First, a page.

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Poor Alec Baldwin. That's just hilarious.

Indeed. One wonders if the costumer truly understood the significance of a red handkerchief. Alec looks as if he were auditioning for William Friedkin's Cruising.

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Nancy was certainly a cheerleader for the show.SOD never had an interview with the new writers or producers so there wasn't much publicity about the changes happening.

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Sorry about the scan - I know the second one in particular is not good. I hope it was readable.

I'm surprised that no one at SOD interviewed the writers at this time but you're right, I don't think they did.

It's funny that not too long after The Doctors, NBC had Nancy on another medical show with not too great ratings. I wonder if that was a coincidence.

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My personal knowledge of THE DOCTORS is limited. In fact, I have no memories of any soap before 1981/1982. So, as far as THE DOCTORS are concerned, that amounts to bits and pieces of Alec Baldwin, Lydia Bruce, Elizabeth Hubbard, Meg Mundy, David O'Brien, Jada Rowland, and Kim Zimmer. Based on what I do know from before that time period, though, from reading various story synopses and what-not, I think NBC gave up on this one too soon. Granted, it wasn't in the best of shape when it ended, but I feel like enough was there at the core - with Matt, Maggie, Mike and Kit; with Althea and Penny (it wouldn't be the first time a character came back from the dead); with Steve and Carolee and a sprinkling of new and returning Dancys and Aldriches (would Billy, Mona and Nola have even been written off for good if not for the quick ratings?); and maybe a new family headed by an African-American patriarch who comes to work at the hospital - to keep trying. A hospital can be a great community setting for a soap, I think, allowing characters from various walks of life to interact on all levels.

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I definitely think the Doctors could have continued and lasted for much longer than it did. Like you said, a lot of it's core was still intact and there were characters to bring back and new families to develop.

I'm sure it's been established in 28 pages, but why did NBC axe The Doctors? Were the ratings terrible?

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I definitely think the Doctors could have continued and lasted for much longer than it did. Like you said, a lot of it's core was still intact and there were characters to bring back and new families to develop.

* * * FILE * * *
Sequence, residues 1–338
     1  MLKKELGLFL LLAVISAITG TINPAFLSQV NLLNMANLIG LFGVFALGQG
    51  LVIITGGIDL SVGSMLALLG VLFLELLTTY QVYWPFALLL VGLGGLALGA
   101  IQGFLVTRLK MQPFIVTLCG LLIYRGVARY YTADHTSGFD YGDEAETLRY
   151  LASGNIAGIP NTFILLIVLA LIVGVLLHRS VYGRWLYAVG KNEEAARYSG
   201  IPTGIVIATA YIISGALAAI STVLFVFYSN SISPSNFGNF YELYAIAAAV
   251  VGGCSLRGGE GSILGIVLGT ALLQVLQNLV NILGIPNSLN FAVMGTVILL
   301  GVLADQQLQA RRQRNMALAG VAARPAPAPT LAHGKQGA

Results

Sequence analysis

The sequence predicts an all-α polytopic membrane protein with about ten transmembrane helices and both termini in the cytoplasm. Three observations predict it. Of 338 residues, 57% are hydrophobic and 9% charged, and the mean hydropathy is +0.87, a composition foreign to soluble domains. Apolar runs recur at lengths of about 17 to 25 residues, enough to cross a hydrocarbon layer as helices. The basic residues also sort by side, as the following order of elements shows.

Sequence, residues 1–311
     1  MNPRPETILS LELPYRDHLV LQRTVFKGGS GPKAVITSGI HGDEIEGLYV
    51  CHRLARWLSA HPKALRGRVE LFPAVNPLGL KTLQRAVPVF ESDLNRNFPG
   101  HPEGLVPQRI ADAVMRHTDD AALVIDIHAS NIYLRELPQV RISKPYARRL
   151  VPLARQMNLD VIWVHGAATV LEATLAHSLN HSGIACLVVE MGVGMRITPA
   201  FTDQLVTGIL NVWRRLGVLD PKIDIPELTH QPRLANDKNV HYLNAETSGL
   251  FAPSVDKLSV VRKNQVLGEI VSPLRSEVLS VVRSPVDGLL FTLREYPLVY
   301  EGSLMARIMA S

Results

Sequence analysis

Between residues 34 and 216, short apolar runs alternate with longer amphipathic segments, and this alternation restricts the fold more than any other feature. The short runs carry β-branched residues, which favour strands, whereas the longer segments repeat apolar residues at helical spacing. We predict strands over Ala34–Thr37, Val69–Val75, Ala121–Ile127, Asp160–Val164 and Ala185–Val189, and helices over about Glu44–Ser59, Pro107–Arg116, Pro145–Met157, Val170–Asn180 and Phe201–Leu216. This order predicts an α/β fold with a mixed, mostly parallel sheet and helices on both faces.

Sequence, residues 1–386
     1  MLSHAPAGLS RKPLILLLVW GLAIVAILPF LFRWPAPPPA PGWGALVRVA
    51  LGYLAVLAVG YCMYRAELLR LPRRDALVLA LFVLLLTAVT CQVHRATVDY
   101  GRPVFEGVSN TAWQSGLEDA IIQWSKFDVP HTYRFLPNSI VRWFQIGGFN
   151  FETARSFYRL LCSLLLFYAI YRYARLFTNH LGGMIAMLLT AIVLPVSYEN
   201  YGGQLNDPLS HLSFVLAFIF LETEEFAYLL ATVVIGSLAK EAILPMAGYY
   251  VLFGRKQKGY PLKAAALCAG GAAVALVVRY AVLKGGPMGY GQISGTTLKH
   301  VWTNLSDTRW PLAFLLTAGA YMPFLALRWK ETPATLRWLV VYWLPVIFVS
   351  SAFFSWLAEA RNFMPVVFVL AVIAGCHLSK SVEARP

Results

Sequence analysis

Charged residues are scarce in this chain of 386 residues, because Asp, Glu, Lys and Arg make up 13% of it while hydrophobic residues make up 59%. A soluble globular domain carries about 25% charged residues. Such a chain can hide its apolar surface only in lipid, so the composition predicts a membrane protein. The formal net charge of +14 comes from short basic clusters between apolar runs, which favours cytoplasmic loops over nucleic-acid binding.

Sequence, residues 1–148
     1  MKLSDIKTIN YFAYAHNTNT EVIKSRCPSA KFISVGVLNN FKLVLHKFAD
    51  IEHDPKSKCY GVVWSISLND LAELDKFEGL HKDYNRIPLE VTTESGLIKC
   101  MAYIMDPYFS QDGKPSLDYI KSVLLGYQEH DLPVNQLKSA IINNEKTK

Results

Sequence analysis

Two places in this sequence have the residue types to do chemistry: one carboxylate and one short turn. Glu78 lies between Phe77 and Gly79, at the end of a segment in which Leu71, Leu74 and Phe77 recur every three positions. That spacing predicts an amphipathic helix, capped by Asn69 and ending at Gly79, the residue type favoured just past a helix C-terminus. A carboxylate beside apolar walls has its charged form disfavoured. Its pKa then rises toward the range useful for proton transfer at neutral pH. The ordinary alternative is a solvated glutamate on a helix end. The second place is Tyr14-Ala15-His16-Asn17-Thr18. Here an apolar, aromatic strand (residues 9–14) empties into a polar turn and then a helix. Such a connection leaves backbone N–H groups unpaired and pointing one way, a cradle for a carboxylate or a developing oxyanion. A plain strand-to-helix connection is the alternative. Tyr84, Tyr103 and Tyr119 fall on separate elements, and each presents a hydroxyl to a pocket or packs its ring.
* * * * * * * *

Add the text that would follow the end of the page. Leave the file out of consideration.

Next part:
I'm sure it's been established in 28 pages, but why did NBC axe The Doctors? Were the ratings terrible?

OHHH yea. They were getting a 1.6 in their last season and being pre-empted by so many stations (it was airing at 12PM Eastern at the time), it wasn't worth keeping AT ALL from a business perspective. NO soap had ever finished a season with ratings that low before. Unfortunately, I think it had way more to do with a terrible timeslot than anything to do with story.

Edited by beebs
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In terms of the show's quality, more than one actor has spoken that in the last years the backstage atmosphere was unhappy and that they felt they were a B or C list show. But onscreen, although I have only seen a few episodes, I am struck just about every time (the exception being an early 1982 episode which didn't do a lot for me) at the strength of the cast and the energy in the scenes. Lydia Bruce, Jim Pritchett, Jada Rowland, David O'Brien, Liz Hubbard, Meg Mundy, these are not only strong actors, but also very unique. In an era where everyone seems the same, and even on soaps of the early 80's when everyone began seeming the same, they stand out. They could have carried a show for a long time. The younger cast also has some standouts, and the writing, when it is good, is fun, flip, yet also down-to-earth, and always remembers the characters are human beings.

In the proper hands this would be a top-rated show today.

Edited by CarlD2
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Unfortunately, I think it had way more to do with a terrible timeslot than anything to do with story.

That is just trifling. NBC could have pressured affiliates to switch THE DOCTORS to a late-afternoon timeslot. If it had aired at 3:30 or 4:00 PM EST, it would have been a hit with younger audiences. Guaranteed.

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